Broke UK Government Taxing Soldiers' Medal for Bravery to Fund #100KGP GWAS Madness

Broke UK Government Taxing Soldiers' Medal for Bravery to Fund #100KGP GWAS Madness


If you check the twitter page of UK company Genomics England, a happy picture emerges of an ambitious company building the latest medical knowledge base. Dig a bit deeper and you find that Genomics England is just an arm of UK government (“Genomics England was established in July 2013 as a company 100% owned by the Department of Health.”) and the project is funded by taxpayer money. One can reinterpret it as a prosperous country investing in future of science and technology. The related news stories are all reflective of that ambitious future plan -

DNA project ‘to make UK world genetic research leader’

A project aiming to revolutionise medicine by unlocking the secrets of DNA is under way in centres across England.

Prime Minister David Cameron has said it “will see the UK lead the world in genetic research within years”.

The first genetic codes of people with cancer or rare diseases, out of a target of 100,000, have been sequenced.

Experts believe it will lead to targeted therapies and could make chemotherapy “a thing of the past”.

Just one human genome contains more than three billion base pairs - the building blocks of DNA.

But how prosperous is UK really? Apparently it is so broke that the government started to tax the medals won by soldiers for bravery in past war (to fund GWAS among other things) !!

‘I was told to pay death duty on Dad’s medals’

Like most old soldiers, my father Jim would never talk about the horrors he witnessed in the Second World War. He served as a signals officer with the Royal Navy on convoy duty in the treacherous waters of the north Atlantic, on the bridge of the admirals flagship on D-Day, and in operations to search and destroy enemy submarines in the Indian Ocean and off the west coast of Africa. It was dangerous work, and the sight of men drowning in torpedo oil as merchant ships were sunk in freezing waters was too painful to recount.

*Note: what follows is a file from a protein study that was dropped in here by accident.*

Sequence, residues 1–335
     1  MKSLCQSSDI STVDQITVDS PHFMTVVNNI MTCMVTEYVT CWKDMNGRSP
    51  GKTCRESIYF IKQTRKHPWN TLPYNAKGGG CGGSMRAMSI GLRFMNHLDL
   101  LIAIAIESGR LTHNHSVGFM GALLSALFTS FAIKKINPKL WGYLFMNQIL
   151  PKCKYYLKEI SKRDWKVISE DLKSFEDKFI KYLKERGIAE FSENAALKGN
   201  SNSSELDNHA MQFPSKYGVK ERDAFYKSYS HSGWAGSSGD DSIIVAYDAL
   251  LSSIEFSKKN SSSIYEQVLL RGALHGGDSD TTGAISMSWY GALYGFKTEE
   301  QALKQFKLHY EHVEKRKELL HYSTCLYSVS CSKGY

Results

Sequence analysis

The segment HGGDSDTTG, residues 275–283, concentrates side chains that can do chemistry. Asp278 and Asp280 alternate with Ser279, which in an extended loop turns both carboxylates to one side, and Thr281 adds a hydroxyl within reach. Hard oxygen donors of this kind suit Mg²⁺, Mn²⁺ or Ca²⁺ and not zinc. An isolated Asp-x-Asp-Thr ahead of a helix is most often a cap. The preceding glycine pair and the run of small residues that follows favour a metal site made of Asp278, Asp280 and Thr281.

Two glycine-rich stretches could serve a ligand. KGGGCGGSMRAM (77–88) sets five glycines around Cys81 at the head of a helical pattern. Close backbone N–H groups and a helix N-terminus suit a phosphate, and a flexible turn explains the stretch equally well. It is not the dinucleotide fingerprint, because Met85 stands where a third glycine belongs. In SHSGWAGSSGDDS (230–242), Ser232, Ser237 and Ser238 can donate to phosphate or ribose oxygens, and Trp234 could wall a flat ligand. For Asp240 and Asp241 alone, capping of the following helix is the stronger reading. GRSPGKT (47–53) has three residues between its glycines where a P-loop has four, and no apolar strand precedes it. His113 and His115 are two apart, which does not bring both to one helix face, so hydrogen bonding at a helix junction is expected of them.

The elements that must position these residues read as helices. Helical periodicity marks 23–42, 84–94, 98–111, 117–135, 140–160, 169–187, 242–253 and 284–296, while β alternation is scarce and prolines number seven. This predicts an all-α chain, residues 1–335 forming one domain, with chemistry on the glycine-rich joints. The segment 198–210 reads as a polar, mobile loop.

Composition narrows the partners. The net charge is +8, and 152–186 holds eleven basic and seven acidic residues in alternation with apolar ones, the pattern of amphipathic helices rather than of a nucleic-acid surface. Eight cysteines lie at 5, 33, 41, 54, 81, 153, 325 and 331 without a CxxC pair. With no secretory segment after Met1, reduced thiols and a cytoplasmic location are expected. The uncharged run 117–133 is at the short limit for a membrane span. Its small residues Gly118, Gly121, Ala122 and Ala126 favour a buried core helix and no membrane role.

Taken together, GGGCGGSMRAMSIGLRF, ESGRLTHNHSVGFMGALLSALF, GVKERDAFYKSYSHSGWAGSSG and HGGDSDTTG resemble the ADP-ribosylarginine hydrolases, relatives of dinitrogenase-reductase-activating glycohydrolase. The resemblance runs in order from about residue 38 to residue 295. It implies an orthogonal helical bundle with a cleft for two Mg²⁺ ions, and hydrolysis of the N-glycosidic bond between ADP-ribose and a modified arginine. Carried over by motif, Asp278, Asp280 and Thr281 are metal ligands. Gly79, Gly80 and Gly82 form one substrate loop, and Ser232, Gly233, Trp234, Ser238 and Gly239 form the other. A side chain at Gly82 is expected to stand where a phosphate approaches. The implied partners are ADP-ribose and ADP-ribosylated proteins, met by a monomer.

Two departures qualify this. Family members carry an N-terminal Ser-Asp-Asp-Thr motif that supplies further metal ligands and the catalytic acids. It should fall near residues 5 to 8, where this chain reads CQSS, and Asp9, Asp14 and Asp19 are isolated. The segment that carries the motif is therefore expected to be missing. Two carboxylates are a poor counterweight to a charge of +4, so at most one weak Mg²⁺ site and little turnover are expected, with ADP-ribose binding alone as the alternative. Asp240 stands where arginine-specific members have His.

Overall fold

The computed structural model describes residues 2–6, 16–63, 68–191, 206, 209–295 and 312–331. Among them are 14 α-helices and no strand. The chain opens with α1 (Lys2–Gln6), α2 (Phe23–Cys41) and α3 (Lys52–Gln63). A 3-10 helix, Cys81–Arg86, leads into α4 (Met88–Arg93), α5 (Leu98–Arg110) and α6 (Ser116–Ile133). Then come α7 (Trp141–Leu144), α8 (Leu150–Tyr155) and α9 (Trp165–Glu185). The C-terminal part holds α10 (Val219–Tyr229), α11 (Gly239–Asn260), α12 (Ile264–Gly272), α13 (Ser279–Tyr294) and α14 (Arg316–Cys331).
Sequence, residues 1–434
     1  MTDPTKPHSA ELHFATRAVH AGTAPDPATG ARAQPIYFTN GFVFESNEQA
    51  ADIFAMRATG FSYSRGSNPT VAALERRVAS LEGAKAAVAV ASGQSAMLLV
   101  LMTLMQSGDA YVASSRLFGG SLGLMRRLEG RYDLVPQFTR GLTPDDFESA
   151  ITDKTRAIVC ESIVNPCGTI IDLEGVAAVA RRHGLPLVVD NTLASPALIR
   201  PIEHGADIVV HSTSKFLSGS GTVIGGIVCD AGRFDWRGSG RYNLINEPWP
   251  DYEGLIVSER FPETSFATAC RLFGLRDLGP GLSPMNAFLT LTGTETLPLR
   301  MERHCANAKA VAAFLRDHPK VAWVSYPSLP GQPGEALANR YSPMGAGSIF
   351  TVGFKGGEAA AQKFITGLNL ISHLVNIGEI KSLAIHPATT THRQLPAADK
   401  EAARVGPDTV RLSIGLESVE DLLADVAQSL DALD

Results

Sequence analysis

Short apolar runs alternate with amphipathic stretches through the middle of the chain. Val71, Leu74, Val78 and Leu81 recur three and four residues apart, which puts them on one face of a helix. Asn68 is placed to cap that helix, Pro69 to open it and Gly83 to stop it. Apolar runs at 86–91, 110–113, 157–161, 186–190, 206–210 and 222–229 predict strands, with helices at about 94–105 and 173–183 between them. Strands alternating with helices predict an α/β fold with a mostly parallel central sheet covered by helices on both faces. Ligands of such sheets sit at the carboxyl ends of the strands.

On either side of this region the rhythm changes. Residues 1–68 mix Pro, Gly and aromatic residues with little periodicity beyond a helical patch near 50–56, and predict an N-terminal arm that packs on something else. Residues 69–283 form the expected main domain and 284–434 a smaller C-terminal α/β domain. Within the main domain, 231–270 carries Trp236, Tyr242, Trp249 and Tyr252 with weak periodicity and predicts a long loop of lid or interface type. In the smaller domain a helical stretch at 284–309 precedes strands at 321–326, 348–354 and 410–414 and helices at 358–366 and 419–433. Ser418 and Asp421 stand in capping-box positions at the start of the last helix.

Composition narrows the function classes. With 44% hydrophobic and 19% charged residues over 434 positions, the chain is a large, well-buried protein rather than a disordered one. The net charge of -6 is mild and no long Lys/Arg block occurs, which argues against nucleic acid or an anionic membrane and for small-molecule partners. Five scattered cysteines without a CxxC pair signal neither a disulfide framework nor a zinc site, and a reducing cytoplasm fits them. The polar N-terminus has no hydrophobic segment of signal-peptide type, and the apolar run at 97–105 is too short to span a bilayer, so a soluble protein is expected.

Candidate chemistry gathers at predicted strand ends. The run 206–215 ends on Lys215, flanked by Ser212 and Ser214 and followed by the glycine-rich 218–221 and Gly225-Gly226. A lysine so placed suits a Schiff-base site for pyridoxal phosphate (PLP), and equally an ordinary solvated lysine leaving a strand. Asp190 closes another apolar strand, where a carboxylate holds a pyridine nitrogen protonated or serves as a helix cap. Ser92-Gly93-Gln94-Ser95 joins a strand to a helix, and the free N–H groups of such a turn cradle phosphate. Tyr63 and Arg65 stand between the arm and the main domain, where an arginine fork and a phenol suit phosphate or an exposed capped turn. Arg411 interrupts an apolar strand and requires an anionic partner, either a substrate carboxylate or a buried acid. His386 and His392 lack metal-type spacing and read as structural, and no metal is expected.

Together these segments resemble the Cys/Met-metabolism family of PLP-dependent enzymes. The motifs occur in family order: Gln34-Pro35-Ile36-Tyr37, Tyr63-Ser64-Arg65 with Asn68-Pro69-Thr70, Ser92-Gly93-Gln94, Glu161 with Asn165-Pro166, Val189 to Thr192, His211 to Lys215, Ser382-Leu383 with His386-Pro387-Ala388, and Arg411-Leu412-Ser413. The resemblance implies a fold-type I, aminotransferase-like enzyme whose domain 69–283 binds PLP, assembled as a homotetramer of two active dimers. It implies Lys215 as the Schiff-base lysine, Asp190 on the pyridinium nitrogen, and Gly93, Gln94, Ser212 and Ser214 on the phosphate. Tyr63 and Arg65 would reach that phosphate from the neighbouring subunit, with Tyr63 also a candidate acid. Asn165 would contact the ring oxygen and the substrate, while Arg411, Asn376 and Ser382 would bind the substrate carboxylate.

Even the medals he received at the end of the war were given scant attention. My mother, Mary, kept them in a box which she placed in a brown envelope simply labelled Dads Medals, and put them in the back of a drawer.

My father only took them out once. He had, for a time, served with the Free French on a Corvette with a ships company of 98 French sailors and only four British. In 1992 the French Government honoured all foreign nationals who had taken up arms with their forces and awarded my father a small pension. They also invited him to receive a handsome certificate commending his bravery on behalf of their nation and a medal, Le Croix du Combattant. I accepted this on his behalf at a ceremony at Caen Town Hall, on the north French coast, at which I was kissed enthusiastically on both cheeks by the mayor.

Following this, Dad was invited to the French ambassadors residence in Kensington on Bastille Day, for which he took out his medals, pinned them proudly to his chest and marched into the elegant mansion, saluted by Foreign Legionnaires.

Dad died 12 years ago. My mother died at Christmas. Suddenly, the medals were mine.

So I was touched when the nice young man from our solicitors, George Ide LLP in Chichester, took a special interest in Dads medals, asked what they were awarded for and inquired in general about his war record. He had come to assess my mothers modest furniture and few possessions for probate. She lived in a small flat in this West Sussex town and left a modest estate.

A few days later, a financial assessment of chests, pictures, lamps and ornaments in my mothers flat dropped through her letter box. It came to just

  1. I had no issue with this until my gaze fell on a price attatched to Dads medals.

It read: A World War Two Medal group of five to James Gilchrist in presentation frame: 40.

And how relevant is this gigantic 100K genome project (#100KGP) for anything in science? Let us come back to that in a future commentary.

Written by M. //